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Thursday, 17 January 2013

Golf courses, housing developments and four letter words

So starting from where we left off in the last post - Birnie Capital.
Founded by a man named Bill Birnie, Birne Capital Property Partnership (BCPP) was described in an article in the National Business Review as “an investment vehicle for several large-scale property developments in Northland”.

More specifically it was the company with which the executive board of Ngati Awa’s financial arm, Ngati Awa Group Holdings Ltd (NAGHL), decided to invest $3.3 million in to develop an international-standard golf course.

Ngati Awa was joined in the investment by other interests including Auckland businessman Allen Peters for a total of $17.25m while Mr Birnie borrowed a further $6.5m from BNZ. The plan was to buy land on Kawau Island to develop the luxury golf course and a housing development.

The property assets included the purchase of Lion Rock Golf Course and Lion Rock Development, both owned by Mr Birnie, which were the two companies that had gained consent to build the development.
An agreement between the investors and Mr Birnie contained an option for BCPP to transfer back the Lion Rock assets if a further conditional agreement between John Paterson & Co and Mr Birnie for the sale and purchase of certain land didn't eventuate.

In September 2009, Paterson & Co decided not to sell. At about the same time a valuation report on Lion Rock development considered the development of the project would require an additional investment estimated at between $61 million and $70.115 million plus GST.

The project was abandoned and Ngati Awa wrote the $3.3m investment down to nil.

In 2010 Ngati Awa and Mr Peters went before the High Court seeking to invoke the right to “put back” the assets purchased by BCPP from Lion Rock.
The two parties claimed Mr Birnie and his associate Stephen Norrie breached fiduciary duty by voting against the exercise of a put option that would force the return of $19m.

However before the hearing was heard in the High Court an offer of settlement was made by Mr Birnie to pay NAGHL and Mr Peters $3.55m in three instalments over four years.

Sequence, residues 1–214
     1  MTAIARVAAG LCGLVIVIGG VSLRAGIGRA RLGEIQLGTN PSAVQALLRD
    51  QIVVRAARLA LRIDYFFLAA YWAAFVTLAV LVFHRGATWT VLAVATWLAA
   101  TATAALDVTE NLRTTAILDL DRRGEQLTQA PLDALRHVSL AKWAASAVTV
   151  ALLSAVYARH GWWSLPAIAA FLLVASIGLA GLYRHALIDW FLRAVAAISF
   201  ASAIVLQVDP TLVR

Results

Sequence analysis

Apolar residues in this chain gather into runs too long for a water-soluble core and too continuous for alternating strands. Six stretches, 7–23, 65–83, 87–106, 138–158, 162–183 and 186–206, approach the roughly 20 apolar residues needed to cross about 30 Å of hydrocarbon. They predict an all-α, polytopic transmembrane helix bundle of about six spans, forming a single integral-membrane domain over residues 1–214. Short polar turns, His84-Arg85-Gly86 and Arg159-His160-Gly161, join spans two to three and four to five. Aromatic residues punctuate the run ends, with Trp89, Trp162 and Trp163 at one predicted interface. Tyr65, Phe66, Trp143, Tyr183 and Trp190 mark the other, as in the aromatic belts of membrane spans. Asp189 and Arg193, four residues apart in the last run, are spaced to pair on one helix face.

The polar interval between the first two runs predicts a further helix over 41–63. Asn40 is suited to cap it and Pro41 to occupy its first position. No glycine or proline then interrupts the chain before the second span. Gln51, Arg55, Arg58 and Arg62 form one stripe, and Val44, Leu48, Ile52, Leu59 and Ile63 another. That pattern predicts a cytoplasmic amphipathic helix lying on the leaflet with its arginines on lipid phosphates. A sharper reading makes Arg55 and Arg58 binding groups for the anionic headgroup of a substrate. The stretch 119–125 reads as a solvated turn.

Ngati Awa accepted the deal but at the AGM last year runanga accountant Murray Haines admitted that to-date no money had been received from Mr Birnie.

He said legal action against Mr Birnie would continue but a $1.57m doubtful debt provision had been set up because of the uncertainty about receiving any money from him.
The facts, to which I have laid out for you here as best as I know, highlight the NAGHL executive board chaired by former civil servant Sir Wira Gardiner appears to have done very little research when deciding to invest $3.3m of the tribe’s money into the development.

Again I am left to ask what sort of due-diligence was completed before the investment was made?

Surely, if the project needed a further $40-$50m to be realised then the investment was flawed from the beginning. And why did the executive board decide to invest in a development in Northland when Ngati Awa’s traditional tribal boundaries are in the eastern Bay of Plenty?
In my opinion, the investment just doesn’t seem to make any sense at all retrospectively. 

Perhaps that is why Sir Gardiner chose to use that four-letter word at the AGM last year after several questions about NAGHL’s performance were asked.

Sir Gardiner also said the iwi shouldn’t be surprised about the $3.3m write-off because it has been in the tribe’s annual reports since 2009. But personally I think that it shouldn't be swept under the carpet because it is  historical. Surely there are lessons to be learnt. What do you reckon?

Next time I will discuss the statement made by Te Runanga o Ngati Awa chief executive, Enid Rātahi-Pryor, that NAGHL’s role is not to create jobs it is to create wealth.


  1. Kia ora Karla,

    An interesting article indeed, however some points you make I believe require further depth of investigation. Just to touch on one historical fact - you write that Ngati Awa's traditional boundaries are in the Eastern Bay - actually, from a historical sense, they stretch way further than that...consider the journey of the Mataatua waka, you may find that Ngati Awa whakapapa indeed has very strong traditional links to the north....the brother of Toroa, the eponymous ancestor of Ngati Awa and the Mataatua waka begat the largest iwi of the north. I'm sure you know who he is. I hope this is of interest to you.

    1. Kia ora,

      Thank you very much for your comment.
      I wanted to take the time to respond to some of the points you have raised. Indeed Mataatua waka, and therefore Ngati Awa, have strong tribal ties to northland and particularly Nga Puhi but there are few that would consider this section of the motu part of Ngati Awa's tribal boundary. Also Toroa is not the eponymous ancestor of Ngati Awa. Eponymous is defined as named after a particular person or group, therefore the eponymous ancestor of Ngati Awa is Awanuiarangi (the second).

      Nga mihi


  2. Kia ora Karla,

    Outstanding work. This sort of lazy investment practices are unacceptable. After all, it's not their (as in NAGHL) money to waste.

    Enid is a little confused too. Jobs and wealth are one in the same. Jobs create wealth, wealth feeds further jobs. In any event, restricting the role of iwi to a limited definition of wealth creation is - I think - inconsistent with our values.

  3. i think what your saying is true n i like your perspective on things. maybe the question is what is the wealth we want as an iwi. Just somthing to ponder.

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